5. Demand for electricity for air conditioning will surge in those US regions facing the most extreme temperature increases. The increased demand will strain regional generating and transmission capacity and drive up costs for consumers. Here we get into the “compound interest” effect of inaction on climate change touched on by Thomas P. Steyer, former Senior Managing Member of Farallon Capital Management, one of the co-producers of the Risky Business report.
By the end of the century  Oregon  Washington  and Idaho could well have more days above 95°F each ...
By the end of the century, Oregon, Washington, and Idaho could well have more days above 95°F each year than there are currently in Texas; babies being born right now in the Southwest could see nearly four additional months of days over 95°F within their lifetimes.
Risky Business - Rhodium Group
Commenting on publication of the report, Steyer stated, “Climate change is nature’s way of charging us compound interest for doing the wrong thing,” adding, “The Risky Business report confirms what many of us have long suspected: The longer we wait to address the growing risks of climate change, the more it will cost us all. From a business perspective, given the many benefits of early action, it would be silly to allow these risks to accumulate to the point where we can no longer manage them.”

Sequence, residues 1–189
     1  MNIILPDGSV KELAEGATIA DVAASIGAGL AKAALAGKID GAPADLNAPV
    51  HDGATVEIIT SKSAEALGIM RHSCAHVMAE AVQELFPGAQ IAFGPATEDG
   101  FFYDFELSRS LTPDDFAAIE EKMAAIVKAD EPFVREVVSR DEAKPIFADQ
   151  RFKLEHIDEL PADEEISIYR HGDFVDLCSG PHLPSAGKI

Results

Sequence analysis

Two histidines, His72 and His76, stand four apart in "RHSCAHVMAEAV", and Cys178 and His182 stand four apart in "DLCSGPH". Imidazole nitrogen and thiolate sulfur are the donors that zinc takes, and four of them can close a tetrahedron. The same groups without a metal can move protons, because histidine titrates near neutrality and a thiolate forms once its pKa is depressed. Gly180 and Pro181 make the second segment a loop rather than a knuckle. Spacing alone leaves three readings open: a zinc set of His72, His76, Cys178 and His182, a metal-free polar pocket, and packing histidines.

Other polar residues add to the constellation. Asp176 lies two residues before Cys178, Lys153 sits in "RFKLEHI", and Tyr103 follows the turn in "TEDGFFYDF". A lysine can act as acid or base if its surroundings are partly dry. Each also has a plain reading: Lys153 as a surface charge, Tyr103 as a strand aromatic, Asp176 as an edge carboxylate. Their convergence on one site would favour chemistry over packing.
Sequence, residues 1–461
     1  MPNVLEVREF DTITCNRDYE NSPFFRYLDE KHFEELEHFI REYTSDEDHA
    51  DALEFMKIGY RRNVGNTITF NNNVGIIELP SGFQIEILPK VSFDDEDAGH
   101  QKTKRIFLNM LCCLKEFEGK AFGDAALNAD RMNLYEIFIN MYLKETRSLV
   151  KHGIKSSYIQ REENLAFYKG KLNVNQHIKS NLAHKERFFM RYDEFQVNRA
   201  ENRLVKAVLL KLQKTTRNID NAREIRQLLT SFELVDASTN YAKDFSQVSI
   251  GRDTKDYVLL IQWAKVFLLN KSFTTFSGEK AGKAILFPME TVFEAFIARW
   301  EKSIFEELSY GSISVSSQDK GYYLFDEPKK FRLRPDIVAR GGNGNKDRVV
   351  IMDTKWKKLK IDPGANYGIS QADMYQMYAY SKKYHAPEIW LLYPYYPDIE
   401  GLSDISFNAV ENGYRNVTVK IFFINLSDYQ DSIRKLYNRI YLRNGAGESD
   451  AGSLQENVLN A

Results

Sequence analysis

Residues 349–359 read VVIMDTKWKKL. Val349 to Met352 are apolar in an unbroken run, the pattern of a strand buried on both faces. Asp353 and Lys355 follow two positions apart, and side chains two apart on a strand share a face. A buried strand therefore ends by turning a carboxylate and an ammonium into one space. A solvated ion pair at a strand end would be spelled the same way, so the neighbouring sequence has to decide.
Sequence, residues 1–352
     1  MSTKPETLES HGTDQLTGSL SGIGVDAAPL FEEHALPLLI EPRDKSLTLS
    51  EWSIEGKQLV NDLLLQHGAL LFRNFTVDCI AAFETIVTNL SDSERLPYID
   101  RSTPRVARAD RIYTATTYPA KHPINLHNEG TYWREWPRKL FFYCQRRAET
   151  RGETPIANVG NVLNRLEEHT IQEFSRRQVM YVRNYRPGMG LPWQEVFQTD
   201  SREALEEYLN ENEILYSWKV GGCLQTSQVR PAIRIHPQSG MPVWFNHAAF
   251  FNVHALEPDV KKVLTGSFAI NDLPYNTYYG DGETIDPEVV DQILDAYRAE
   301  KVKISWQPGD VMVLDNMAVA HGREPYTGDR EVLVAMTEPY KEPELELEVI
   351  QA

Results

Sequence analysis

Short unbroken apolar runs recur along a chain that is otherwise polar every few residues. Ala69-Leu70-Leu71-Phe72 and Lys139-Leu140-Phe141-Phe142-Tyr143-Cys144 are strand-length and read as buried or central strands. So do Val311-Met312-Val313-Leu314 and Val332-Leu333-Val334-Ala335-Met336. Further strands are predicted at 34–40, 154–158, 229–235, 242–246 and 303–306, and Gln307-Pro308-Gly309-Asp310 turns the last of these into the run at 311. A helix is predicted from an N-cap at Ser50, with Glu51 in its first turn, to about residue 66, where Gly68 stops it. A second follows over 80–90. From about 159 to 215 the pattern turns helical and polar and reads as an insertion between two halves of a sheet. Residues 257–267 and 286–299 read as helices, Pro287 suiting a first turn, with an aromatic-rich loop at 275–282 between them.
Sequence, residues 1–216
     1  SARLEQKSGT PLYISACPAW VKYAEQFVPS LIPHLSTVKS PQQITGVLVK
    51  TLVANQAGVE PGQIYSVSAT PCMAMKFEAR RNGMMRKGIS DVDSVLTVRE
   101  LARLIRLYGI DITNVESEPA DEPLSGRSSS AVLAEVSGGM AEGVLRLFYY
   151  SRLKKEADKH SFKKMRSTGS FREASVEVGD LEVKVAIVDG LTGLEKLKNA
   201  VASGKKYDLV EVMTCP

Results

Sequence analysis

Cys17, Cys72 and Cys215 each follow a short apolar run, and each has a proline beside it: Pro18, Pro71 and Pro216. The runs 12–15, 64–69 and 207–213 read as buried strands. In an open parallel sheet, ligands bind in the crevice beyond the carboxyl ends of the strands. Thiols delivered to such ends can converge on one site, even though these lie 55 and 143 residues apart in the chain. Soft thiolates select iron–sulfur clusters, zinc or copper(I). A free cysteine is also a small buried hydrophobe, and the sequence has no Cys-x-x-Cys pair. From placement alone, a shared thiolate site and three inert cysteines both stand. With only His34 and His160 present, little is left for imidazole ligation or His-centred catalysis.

Taking the specific threat from extreme heat, Steyer’s analogy with compound interest is spot-on. The report estimates that in the field of energy production, greenhouse gas-driven changes in temperature would likely necessitate the construction of up to 95 gigawatts of new power generation capacity over the next five to 25 years.
That equates, roughly, to a staggering additional 200 average-sized coal or natural gas-fired power plants. Quite apart from the additional costs to residential and commercial ratepayers, which the report puts at up to $12 billion per annum, such a colossal number of extra power plants — needed just to maintain a bearable temperature indoors — would themselves contribute to higher greenhouse gas emissions.